Saturday, September 26, 2009

“Julia Child’s cuisine is academic and bourgeois”: French food experts are divided about Ms. Child and her cooking

"Julia Child may have been America’s best-known 'French chef'," writes Maïa de la Baume, "but here in Paris few know her fabled cookbooks, let alone her name."
…French food experts are divided about Ms. Child and her cooking. Some say she caricatured French cuisine in her book and cooking show, making it seem too heavy and formal. Others believe she demystified it and see her as a role model in France, where cooking shows are rare and cuisine is not necessarily viewed as something anyone can interpret.

“Julia Child’s cuisine is academic and bourgeois,” said Julie Andrieu, a television personality and cookbook author. “It shows that in America, the cliché of beef, baguette and canard farci remains.”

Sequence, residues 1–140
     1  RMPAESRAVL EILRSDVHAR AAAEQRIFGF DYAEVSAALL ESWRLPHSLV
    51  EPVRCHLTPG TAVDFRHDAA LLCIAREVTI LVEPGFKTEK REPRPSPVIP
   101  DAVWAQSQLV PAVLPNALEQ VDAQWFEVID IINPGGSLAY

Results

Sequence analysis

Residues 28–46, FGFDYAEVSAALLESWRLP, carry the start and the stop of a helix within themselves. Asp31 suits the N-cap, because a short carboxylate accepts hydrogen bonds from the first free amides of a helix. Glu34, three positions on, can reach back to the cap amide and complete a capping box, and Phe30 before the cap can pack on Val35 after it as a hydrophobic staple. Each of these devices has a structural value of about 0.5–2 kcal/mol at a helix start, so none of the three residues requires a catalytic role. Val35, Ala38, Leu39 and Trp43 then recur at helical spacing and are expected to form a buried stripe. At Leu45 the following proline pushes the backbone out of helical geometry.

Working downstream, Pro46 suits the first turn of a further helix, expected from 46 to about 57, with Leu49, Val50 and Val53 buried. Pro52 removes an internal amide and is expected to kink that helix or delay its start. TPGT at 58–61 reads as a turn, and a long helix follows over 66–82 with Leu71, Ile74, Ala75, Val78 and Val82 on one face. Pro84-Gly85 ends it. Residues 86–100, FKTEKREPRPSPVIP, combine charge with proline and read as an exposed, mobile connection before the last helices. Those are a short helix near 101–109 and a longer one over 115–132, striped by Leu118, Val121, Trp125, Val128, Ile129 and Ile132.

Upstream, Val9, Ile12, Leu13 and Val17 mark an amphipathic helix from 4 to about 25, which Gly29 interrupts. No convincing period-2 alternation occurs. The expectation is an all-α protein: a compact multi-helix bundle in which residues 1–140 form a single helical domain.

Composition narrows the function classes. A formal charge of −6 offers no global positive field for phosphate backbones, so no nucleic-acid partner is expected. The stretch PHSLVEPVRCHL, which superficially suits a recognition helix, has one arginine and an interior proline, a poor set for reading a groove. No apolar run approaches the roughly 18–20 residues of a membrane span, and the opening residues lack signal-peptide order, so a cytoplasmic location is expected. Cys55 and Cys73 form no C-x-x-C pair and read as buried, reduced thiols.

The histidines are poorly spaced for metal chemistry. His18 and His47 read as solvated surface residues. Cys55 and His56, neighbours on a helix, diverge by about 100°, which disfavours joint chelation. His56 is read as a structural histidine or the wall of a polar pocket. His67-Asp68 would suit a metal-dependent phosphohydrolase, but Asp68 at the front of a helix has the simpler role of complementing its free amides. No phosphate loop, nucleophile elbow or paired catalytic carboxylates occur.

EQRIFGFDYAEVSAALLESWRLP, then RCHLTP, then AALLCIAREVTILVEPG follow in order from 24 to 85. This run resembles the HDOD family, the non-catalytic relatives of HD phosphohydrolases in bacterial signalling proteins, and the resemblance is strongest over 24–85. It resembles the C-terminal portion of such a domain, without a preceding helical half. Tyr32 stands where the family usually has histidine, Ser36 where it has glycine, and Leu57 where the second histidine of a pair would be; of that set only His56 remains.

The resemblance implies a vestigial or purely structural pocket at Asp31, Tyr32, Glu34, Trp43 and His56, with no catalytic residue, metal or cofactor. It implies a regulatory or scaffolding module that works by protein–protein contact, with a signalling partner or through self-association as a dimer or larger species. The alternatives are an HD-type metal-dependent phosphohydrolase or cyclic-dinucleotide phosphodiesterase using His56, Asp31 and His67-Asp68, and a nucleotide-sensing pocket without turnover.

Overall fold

…Ms. Andrieu, the cookbook author, said that despite Ms. Child’s clichéd recipes, her style could be defined as a “combination of scientific and empirical virtues” that helped explain why Americans wrote better cookbooks than the French.

“The French think that they are natural-born cooks; they prepare a dish off the top of their heads, without testing it,” she said. “In France, we rush over explanations.”

After watching “Julie & Julia,” Ms. Andrieu said, she felt compelled to go home and make boeuf bourguignon according to Ms. Child’s recipe. “I cut the flour in half, and it turned out to be the best I had ever made,” she said.

Mr. Epié even thinks that Ms. Child’s story should encourage the French to discuss their cuisine in a more democratic way.

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